Johnson's June 20, 1937 recording has a typical 12 bar blues structure (though as is common in downhome blues of this era, the length of each verse is in fact thirteen-and-a-half bars of 4/4), played on a single guitar tuned to open G, with a slide. It was first released on the 1961 compilation LPKing of the Delta Blues Singers. The song has proved popular with more recent blues musicians. A second alternate version was recorded the same day (and was considered lost) but was finally released officially on the 2011 album The Complete Recordings (The Centennial Collection).
The song is well known for the lyric "Now you can squeeze my lemon 'til the juice run down my leg," which was later used by Led Zeppelin in their song "The Lemon Song," from the album Led Zeppelin II. It is likely that Johnson had taken this himself from a song recorded earlier that same year (1937) called "She Squeezed My Lemon", by Roosevelt Sykes.
It is quite different from the original, and it is more a tribute to Robert Johnson than a straight cover. The song showcases a riff by Page (also in open G tuning), and in the lyrics Robert Plant quotes many Robert Johnson songs, such as "She studies evil all the time", from "Kind Hearted Woman Blues", and "Why don't you come on in my kitchen", from "Come on in My Kitchen" (which is heard during the song's solo).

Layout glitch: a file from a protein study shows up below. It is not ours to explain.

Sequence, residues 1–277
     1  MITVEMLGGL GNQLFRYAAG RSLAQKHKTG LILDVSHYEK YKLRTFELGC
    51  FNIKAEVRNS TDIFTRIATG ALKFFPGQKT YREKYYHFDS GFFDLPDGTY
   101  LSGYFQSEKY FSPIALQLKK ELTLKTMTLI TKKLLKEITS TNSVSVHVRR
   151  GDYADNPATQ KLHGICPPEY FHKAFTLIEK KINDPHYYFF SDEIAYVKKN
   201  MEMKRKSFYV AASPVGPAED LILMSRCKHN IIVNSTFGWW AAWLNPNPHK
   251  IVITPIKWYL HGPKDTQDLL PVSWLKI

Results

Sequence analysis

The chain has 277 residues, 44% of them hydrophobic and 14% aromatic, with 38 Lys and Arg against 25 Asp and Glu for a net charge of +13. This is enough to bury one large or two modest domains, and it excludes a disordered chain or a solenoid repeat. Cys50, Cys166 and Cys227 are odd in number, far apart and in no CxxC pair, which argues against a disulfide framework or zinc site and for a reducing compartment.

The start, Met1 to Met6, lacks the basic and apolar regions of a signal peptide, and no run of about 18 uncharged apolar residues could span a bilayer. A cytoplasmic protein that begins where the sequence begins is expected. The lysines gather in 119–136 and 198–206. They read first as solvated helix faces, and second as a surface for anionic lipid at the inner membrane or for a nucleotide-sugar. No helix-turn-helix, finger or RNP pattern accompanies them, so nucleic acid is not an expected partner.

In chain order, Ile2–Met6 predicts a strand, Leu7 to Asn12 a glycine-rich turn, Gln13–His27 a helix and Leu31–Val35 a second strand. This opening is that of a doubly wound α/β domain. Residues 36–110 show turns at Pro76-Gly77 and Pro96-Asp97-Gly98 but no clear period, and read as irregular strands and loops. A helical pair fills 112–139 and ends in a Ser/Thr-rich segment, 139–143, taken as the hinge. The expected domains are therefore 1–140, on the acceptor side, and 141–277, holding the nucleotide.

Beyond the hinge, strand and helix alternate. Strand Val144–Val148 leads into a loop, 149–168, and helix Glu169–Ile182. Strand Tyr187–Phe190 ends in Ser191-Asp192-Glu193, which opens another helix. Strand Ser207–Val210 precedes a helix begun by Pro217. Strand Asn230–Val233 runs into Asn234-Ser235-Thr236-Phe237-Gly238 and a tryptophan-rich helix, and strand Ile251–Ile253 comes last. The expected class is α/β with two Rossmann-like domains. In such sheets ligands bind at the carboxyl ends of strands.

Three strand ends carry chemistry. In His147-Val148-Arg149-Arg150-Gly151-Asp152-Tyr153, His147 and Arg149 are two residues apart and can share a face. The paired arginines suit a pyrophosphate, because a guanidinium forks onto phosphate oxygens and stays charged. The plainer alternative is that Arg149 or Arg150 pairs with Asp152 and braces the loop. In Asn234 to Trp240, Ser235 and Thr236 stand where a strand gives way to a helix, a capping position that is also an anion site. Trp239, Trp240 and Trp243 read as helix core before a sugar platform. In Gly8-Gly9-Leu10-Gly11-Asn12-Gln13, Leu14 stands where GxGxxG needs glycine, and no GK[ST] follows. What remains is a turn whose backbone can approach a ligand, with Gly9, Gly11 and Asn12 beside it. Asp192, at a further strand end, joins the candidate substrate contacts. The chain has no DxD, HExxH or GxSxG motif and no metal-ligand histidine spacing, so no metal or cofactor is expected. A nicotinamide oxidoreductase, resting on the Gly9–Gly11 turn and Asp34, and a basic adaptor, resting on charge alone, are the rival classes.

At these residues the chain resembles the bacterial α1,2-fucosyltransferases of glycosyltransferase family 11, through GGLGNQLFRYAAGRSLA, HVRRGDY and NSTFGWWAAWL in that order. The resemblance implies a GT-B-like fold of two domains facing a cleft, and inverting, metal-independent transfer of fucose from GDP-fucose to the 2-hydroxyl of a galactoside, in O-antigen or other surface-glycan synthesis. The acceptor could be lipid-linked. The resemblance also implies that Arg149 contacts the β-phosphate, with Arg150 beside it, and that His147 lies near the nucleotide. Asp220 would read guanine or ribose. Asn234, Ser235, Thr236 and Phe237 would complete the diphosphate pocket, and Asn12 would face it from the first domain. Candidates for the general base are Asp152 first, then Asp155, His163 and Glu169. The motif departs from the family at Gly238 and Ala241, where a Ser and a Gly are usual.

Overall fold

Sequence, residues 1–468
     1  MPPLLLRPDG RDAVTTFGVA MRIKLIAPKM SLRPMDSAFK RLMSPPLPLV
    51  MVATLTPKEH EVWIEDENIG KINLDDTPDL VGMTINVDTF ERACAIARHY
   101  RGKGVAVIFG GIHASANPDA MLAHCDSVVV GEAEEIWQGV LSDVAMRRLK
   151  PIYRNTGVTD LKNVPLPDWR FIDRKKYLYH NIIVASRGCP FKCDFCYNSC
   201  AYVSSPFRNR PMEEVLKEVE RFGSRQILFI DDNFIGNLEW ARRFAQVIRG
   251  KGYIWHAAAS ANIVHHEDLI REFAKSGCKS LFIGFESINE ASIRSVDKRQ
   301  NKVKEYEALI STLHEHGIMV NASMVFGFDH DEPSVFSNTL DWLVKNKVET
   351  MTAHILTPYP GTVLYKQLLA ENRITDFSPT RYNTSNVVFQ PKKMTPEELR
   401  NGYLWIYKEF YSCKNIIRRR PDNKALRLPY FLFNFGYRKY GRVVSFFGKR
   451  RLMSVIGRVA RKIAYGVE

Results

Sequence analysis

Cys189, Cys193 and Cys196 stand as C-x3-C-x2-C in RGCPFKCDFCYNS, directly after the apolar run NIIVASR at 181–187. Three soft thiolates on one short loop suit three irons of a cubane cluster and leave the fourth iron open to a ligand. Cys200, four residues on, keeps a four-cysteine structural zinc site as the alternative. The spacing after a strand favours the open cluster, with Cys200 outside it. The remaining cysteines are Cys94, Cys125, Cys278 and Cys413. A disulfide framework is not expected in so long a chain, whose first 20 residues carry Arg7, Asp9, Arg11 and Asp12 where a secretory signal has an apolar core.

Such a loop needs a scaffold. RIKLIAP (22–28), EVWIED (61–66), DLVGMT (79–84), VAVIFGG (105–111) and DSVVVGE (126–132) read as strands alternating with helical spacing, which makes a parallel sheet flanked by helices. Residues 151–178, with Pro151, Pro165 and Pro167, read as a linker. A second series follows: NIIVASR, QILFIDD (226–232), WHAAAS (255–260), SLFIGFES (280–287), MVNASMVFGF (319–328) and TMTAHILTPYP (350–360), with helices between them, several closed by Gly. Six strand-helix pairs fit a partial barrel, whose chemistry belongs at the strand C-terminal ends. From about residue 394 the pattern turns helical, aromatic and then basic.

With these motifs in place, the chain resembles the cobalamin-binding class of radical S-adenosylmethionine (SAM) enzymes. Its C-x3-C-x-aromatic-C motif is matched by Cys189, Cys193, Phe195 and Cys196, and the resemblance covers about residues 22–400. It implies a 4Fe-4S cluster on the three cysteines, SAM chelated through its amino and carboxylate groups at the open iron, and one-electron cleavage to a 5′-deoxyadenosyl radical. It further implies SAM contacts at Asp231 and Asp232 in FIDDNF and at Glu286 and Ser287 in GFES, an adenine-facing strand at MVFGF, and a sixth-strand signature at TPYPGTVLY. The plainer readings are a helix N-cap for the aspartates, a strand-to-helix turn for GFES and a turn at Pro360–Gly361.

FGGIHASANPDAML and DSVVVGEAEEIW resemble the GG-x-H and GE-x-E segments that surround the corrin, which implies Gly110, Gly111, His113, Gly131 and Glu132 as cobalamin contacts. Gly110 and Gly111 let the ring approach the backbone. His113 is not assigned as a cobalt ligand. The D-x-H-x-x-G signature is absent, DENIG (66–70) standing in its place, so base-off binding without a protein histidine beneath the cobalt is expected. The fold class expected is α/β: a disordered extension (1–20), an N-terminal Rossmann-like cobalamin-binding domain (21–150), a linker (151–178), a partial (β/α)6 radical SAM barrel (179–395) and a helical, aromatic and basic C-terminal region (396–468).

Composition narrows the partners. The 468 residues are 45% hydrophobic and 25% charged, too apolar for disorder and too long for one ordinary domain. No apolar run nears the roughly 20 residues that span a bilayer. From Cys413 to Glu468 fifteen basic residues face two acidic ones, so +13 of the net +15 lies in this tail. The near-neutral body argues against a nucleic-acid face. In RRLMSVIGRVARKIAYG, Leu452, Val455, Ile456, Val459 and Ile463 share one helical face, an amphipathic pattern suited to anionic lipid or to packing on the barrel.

It was interest from US radio interviewers and fans during Page's Outrider tour that originally led him to negotiate with BBC Enterprises for the song's release. A promotional video clip was also released in 1990, with out-take footage from the band's 1976 concert film, The Song Remains the Same inter-spliced with other footage from the band's archive. The clip also features a railroad montage, and underwater shots of the Mississippi River. The song reached number seven on the Billboard Top Rock Tracks Top 50 chart in November 1990, culled from national album rock radio airplay reports.